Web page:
While he won't be invited to New York, Mathieu should receive Heisman consideration. He's one of the only players in the nation who has consistently come up with big, game-changing plays.

    Whether it was his strip and subsequent recovery for a touchdown of Kenjon Barner in LSU's season opener or his punt return for a touchdown in the Iron Bowl this weekend, Mathieu has remained on the national scene.

    Claiborne has been overshadowed by Mathieu's excellence, but that doesn't detract from the fact that he's still one of the nation's best at his position. Claiborne has five interceptions this season and has consistently shut down opposing receivers.

    What's more, the Tigers' third corner, Tharold Simon, will also likely be playing on Sundays in a couple of years. The 6' 3'' sophomore is just tapping into his enormous potential.


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    This one isn't even close: The Tide have a major edge.

    Like its secondary, Alabama's linebacking corps contains multiple future starters in the NFL. Courtney Upshaw, Dont'a Hightower, Nico Johnson and C.J. Moseley help constitute the nation's best group at their position.

    Hightower, a tackling machine (81 on the season), is the leader of Kirby Smart's ferocious defense. The junior's torn ACL just four games into the 2009 season is no longer relevant; Hightower's speed and aggressiveness are second to none.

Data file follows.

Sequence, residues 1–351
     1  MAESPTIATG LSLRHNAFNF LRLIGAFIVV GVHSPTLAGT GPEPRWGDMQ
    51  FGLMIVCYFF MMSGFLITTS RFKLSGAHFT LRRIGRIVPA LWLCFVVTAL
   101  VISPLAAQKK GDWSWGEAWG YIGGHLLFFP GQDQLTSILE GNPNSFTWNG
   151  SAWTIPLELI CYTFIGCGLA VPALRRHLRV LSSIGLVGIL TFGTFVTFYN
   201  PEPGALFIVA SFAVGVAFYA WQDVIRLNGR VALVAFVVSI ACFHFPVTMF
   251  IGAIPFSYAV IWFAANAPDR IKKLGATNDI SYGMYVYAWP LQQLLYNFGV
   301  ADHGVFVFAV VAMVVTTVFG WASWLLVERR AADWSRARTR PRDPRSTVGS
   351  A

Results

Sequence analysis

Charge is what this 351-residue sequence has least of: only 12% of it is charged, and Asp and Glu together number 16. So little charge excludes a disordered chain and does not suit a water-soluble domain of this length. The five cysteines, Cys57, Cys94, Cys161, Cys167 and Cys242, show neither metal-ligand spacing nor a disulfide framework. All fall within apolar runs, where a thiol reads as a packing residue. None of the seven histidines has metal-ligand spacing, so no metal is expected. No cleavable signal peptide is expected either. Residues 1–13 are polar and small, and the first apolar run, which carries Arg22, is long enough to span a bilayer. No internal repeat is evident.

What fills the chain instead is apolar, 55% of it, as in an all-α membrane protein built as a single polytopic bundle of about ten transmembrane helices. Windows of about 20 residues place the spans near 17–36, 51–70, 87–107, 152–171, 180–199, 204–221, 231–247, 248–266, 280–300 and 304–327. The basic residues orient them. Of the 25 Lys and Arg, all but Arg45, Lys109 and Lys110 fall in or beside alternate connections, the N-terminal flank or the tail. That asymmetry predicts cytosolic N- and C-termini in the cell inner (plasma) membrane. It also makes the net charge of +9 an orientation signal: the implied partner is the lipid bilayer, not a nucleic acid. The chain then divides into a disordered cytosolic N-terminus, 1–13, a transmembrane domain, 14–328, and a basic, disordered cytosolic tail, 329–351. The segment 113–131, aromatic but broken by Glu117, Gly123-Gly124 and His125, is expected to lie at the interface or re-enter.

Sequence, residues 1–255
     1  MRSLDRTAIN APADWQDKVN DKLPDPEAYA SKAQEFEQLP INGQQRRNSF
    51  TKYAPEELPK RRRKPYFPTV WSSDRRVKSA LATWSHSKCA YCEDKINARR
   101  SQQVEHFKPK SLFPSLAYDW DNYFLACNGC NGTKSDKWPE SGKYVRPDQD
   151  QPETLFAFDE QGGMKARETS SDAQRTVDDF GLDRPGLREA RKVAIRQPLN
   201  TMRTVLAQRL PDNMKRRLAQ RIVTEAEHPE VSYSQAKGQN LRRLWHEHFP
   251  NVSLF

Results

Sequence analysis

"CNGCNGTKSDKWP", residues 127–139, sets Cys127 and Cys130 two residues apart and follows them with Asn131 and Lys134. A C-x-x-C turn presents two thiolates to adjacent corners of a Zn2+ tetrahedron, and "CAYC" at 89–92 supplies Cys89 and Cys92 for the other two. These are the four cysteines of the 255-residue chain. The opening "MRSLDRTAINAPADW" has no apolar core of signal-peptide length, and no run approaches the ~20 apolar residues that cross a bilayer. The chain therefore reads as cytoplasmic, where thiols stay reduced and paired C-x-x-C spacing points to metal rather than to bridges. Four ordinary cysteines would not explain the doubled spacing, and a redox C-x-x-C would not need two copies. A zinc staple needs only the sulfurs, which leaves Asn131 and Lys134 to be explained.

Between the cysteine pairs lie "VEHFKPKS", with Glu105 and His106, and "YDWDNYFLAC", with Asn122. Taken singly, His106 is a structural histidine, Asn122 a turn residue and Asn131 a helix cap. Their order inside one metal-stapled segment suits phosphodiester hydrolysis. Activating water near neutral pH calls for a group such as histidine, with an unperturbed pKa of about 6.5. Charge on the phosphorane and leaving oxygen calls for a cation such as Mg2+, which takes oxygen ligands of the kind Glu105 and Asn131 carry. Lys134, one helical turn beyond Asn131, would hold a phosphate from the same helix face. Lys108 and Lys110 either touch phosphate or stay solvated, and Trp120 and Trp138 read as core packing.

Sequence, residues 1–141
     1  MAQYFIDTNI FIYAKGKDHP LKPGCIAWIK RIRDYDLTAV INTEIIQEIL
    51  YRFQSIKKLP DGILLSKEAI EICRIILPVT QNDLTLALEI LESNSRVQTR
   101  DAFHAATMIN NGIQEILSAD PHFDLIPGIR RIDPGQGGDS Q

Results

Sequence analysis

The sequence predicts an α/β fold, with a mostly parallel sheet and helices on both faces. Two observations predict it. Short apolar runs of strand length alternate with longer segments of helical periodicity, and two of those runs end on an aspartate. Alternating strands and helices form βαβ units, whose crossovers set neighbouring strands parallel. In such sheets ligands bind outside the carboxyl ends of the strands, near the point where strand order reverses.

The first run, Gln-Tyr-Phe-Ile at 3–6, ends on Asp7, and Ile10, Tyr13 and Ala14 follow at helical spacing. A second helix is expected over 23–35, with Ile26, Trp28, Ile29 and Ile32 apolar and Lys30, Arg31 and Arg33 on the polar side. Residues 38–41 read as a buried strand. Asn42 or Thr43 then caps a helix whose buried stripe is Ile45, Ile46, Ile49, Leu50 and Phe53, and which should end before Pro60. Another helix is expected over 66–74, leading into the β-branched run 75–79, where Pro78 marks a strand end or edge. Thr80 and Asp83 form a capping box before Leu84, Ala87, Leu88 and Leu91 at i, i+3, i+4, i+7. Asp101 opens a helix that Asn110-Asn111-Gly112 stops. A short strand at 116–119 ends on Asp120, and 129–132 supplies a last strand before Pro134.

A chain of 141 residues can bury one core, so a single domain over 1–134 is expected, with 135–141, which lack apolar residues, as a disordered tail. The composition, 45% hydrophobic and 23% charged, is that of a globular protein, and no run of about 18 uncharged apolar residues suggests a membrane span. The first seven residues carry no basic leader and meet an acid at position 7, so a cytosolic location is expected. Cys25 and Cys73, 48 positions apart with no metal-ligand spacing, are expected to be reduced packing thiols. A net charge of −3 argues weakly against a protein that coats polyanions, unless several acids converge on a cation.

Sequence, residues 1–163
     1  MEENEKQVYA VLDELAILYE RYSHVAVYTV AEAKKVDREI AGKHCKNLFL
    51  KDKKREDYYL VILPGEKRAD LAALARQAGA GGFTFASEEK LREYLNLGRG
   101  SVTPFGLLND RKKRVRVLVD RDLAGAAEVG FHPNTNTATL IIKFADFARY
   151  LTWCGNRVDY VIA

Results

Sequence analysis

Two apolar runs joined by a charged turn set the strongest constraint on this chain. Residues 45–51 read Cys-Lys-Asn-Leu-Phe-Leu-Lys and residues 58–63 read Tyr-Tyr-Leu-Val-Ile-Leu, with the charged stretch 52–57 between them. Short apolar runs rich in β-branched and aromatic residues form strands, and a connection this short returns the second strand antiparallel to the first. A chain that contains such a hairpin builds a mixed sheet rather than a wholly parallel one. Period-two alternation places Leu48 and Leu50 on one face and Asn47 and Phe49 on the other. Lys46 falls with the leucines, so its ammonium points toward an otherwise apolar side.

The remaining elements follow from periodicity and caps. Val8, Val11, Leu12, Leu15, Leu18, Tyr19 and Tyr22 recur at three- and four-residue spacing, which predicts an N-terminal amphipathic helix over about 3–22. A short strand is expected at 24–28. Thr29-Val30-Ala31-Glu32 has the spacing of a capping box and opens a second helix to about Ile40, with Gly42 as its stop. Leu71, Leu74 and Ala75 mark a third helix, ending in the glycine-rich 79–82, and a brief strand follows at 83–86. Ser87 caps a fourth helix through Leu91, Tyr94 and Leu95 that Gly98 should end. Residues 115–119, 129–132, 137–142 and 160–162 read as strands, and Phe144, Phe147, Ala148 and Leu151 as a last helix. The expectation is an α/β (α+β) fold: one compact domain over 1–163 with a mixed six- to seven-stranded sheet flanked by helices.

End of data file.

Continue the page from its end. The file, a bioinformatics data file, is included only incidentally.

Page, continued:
Upshaw may be just as good. The senior is one of the nation's most feared pass-rushers and a semifinalist for the respected Butkus and Lombardi Awards.

    As for LSU, Stefoin Francois and Ryan Baker are no slouches. But they pale in comparison to Upshaw and Hightower.

    Really, there's no comparison here. We may never see a linebacking corps this good in college football for the next 10 years—yeah, it's really that good.

Defensive Line

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    This one is like splitting hairs. Both of these defensive lines are among the best in the country.

    Alabama's nose tackle, Josh Chapman, is a prototypical NFL, 3-4 base space-eater—a la Mount Cody. The senior is the main reason why opposing running backs have basically no holes to run through.

    While the Tigers don't have a player like Chapman, they are the more athletic group. They are also the younger group, with three starters with two years of experience or fewer.

    Defensive ends Kendrick Adams and Sam Montgomery are known for their ability to pursue the ball and run down opposing ball-carriers. Both are around 250 lbs and both can run like wide receivers.

    Then you add defensive tackles Mike Brockers and Anthony Johnson, who are effective run-stuffers.

    Alabama may be more efficient against the run, but the ferocity and aggressiveness of the Tigers line is incredible. Les Miles' group sniffs out most plays before they even develop. Their athleticism is mind-boggling; Montgomery, Adams and freshman Barkevious Mingo are constantly outrunning opposing running backs and quarterbacks.

    With that in mind, the edge goes to the Tigers.